East Dubuque business, home owners monitoring river as it hits major flood stage

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EAST DUBUQUE, Illinois (KCRG-TV9) -- As the Mississippi River continues to rise, business and home owners in East Dubuque are either surrounded by water or preparing to be.

The Mississippi River is close to flooding the Midtown Marina in East Dubuque, Illinois on Tuesday, April 2, 2019. (Charlie Grant, KCRG-TV9)

Water is just feet away from Midtown Marina, owned by Jeremy McDowell. On Tuesday, the river sat at about 21.5 feet, with predictions of hitting 22.5 feet on Friday. McDowell said that will be really close to flooding his business.

He said, "22.6 (feet) is when it gets right to the edge of the restaurant. About 23 (feet) and we’ll actually have water on the floor of the restaurant."

McDowell is prepared if the water gets high enough to threaten his building.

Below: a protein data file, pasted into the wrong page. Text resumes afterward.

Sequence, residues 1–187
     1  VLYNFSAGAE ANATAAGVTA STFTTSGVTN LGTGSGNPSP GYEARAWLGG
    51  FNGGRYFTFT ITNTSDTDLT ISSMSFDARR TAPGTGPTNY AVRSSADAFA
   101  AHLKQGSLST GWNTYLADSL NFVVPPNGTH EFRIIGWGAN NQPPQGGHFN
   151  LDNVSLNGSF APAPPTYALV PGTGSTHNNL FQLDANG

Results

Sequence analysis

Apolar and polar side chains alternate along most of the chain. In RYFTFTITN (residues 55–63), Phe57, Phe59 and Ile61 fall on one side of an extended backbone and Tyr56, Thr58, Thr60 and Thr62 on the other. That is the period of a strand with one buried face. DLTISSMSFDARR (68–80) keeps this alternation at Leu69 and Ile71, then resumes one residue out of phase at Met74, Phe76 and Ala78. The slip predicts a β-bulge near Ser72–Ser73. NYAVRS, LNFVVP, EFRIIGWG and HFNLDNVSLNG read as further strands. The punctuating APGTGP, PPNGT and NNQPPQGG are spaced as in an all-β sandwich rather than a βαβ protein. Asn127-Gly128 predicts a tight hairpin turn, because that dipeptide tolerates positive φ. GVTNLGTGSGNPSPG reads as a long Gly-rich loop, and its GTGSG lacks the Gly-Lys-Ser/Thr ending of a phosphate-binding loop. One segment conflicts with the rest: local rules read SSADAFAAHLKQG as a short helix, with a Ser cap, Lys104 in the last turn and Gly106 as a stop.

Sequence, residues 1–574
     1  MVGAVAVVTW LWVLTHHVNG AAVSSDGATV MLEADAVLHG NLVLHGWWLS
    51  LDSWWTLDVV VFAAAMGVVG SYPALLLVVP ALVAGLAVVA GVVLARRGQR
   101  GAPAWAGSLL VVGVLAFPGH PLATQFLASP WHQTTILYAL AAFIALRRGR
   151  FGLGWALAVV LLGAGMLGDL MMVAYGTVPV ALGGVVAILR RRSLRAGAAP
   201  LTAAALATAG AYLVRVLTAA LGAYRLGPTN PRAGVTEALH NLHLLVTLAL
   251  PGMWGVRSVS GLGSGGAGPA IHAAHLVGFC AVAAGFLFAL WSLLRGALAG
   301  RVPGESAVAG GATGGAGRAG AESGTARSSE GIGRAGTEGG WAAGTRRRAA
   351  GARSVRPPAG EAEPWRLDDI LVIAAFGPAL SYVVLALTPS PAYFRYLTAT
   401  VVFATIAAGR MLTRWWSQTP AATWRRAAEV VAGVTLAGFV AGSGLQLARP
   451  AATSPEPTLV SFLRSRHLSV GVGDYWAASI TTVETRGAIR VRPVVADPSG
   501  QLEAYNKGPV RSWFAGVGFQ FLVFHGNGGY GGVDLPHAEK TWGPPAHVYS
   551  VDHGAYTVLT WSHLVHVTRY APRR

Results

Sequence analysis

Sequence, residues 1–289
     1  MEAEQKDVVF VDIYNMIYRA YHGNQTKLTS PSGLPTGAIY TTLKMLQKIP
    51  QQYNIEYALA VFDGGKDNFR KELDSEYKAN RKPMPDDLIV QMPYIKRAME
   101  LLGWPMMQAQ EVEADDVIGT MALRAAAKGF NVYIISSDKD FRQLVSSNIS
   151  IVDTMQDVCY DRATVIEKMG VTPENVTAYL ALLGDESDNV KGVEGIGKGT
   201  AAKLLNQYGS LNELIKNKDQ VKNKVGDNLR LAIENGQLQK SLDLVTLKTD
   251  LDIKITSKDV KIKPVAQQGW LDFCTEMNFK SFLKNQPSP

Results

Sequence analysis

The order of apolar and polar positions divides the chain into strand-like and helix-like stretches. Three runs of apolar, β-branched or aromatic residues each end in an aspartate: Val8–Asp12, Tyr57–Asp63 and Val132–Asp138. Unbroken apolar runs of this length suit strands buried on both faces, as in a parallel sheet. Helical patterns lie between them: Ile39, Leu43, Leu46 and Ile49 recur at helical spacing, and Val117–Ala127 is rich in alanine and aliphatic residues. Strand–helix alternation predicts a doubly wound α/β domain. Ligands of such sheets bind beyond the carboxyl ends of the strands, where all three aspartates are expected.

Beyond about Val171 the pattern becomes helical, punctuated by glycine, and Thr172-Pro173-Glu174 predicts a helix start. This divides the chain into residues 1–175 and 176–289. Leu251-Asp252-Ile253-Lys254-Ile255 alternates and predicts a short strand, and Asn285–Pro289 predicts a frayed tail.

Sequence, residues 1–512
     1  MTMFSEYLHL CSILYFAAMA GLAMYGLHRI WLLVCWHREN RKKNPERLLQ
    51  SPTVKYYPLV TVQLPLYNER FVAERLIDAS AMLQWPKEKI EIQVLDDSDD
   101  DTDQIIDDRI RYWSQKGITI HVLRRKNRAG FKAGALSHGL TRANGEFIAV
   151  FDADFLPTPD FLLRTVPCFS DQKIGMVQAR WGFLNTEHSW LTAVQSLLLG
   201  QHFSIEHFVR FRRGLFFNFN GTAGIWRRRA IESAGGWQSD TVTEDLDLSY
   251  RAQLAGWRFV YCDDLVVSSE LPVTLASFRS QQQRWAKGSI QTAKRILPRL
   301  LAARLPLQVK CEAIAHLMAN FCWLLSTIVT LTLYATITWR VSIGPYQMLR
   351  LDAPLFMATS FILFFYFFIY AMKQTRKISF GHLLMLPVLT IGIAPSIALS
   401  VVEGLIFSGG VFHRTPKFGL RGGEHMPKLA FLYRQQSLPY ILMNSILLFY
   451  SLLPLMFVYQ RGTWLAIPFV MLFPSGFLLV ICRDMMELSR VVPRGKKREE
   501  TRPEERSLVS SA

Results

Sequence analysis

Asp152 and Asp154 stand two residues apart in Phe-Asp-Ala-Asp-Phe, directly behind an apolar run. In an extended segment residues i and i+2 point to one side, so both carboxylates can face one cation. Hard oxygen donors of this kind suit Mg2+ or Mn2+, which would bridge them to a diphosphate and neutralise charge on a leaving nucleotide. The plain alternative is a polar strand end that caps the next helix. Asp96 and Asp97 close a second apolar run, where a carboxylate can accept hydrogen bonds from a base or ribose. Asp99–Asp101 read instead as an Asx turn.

“We shrink wrap the doors and then we put two layers of sandbags in front of them and essentially plug the drains and run some squeegees on the floor and we’re able to keep the water out," he explained.

However, some in East Dubuque aren't as fortunate at McDowell. Homes and businesses in the Shore Acre area of town are already surrounded by water. The owners of Splinter Heating said they removed everything they could from their building before the waters got too high.

That area of town is also without running water due to a water main break. Public works director Mark Fluhr says the city can't fix it until the water recedes.

The City of East Dubuque continues to monitor the floodwall and flood pumps. Fluhr says things should be alright as long as it doesn't rain.

"It’s the rainfall that we would get that we have to pump out outside the levy," he said. "It all gathers down in our lower lying areas and that’s the part where if we get in trouble it’s stormwater. It’s not actually the river, the levy is good for up 26 feet.”

He set up some portable water pumps in the low-lying areas of the town in case water begins to pool.

People say it's just a waiting game.

“That’s all we can do is watch it and pray we don’t get any more rain," McDowell said.